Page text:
8 805 But ever is the intent of Zeus stronger than that of men, for he drives even a valiant man in rout, and robs him of victory [690] full easily, and again of himself he rouses men to fight; and he it was that now put fury in the breast of Patroclus.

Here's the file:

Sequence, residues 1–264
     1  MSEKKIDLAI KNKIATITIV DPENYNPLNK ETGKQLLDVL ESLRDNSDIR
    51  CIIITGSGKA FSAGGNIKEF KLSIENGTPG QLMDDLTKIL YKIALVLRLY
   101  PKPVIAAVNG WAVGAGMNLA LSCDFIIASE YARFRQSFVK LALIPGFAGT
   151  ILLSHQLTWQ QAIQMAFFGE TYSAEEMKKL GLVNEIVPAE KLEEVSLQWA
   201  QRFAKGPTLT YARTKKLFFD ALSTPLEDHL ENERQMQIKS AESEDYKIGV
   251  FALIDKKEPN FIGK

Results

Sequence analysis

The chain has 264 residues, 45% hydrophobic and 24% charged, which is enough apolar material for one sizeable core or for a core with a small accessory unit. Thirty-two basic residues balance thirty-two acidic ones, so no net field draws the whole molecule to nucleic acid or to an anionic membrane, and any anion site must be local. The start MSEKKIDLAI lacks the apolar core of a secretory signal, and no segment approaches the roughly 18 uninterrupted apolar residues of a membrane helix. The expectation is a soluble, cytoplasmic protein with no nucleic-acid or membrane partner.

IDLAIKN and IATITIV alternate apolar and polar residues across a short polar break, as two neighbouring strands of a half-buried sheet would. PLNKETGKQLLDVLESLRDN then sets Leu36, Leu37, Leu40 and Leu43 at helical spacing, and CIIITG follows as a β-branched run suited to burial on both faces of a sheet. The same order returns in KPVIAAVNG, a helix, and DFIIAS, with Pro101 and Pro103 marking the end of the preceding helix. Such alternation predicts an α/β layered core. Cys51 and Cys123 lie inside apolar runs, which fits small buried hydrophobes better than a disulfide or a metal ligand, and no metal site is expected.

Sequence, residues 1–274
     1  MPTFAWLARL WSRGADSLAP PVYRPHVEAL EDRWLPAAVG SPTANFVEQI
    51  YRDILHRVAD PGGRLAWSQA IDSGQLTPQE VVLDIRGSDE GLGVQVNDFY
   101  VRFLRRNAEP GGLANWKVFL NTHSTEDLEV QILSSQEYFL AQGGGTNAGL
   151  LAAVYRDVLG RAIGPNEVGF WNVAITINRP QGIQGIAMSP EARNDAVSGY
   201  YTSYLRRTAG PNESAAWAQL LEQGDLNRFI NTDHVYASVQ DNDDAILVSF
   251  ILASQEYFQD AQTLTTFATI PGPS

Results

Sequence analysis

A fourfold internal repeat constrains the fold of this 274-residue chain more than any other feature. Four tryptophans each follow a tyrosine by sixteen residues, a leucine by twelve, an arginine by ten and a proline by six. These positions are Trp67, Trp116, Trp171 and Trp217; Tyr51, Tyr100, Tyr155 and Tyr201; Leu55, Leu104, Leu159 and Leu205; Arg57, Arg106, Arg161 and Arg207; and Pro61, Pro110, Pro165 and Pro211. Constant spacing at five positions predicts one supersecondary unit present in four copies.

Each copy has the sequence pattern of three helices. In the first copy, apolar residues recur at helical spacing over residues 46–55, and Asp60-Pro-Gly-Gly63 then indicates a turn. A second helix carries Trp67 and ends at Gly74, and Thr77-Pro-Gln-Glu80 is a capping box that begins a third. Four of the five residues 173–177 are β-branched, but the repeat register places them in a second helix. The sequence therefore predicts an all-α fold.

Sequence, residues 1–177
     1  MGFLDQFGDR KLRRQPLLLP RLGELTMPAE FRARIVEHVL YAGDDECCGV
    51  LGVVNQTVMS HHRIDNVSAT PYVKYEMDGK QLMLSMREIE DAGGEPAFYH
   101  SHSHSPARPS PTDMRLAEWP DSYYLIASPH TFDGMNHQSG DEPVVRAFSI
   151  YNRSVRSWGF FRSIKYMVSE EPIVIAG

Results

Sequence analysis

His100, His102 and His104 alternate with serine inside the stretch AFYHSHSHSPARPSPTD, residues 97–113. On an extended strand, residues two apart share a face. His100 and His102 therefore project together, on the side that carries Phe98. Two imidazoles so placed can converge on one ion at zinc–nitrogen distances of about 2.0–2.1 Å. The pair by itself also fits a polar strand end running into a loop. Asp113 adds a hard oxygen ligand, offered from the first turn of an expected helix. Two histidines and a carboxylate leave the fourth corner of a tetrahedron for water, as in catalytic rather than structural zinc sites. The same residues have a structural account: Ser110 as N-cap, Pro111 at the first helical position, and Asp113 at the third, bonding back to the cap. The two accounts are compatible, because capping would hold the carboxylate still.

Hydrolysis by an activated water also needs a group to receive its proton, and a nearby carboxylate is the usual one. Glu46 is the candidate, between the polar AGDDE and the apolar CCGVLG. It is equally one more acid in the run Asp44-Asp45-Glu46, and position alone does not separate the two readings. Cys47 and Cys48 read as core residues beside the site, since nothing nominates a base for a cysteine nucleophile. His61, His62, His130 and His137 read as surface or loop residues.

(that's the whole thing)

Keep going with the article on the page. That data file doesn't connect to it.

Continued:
9 (916) Phoebus met you in the fierce conflict, an awful god. And Patroclus marked him not as he passed through the turmoil, [790] for enfolded in thick mist did he meet him; and Apollo took his stand behind him, and struck his back and broad shoulders with the flat of his hand, and his eyes were made to whirl. And from his head Phoebus Apollo knocked the helmet. This time, Hector, you boast mightily; for to you have [845] Zeus, the son of Cronos, and Apollo, assured victory, they that subdued me easily, for of themselves they took the harness from my shoulders. But if twenty such as you had faced me, here would all have perished, slain by my spear. No, it was baneful Fate and the son of Leto that slew me, [850] and of men Euphorbus, while you are the third in my slaying. And another thing will I tell you, and take it to heart: you shall not yourself be long in life, but even now does death stand hard by you, and mighty fate, that you be slain beneath the hands of Achilles.”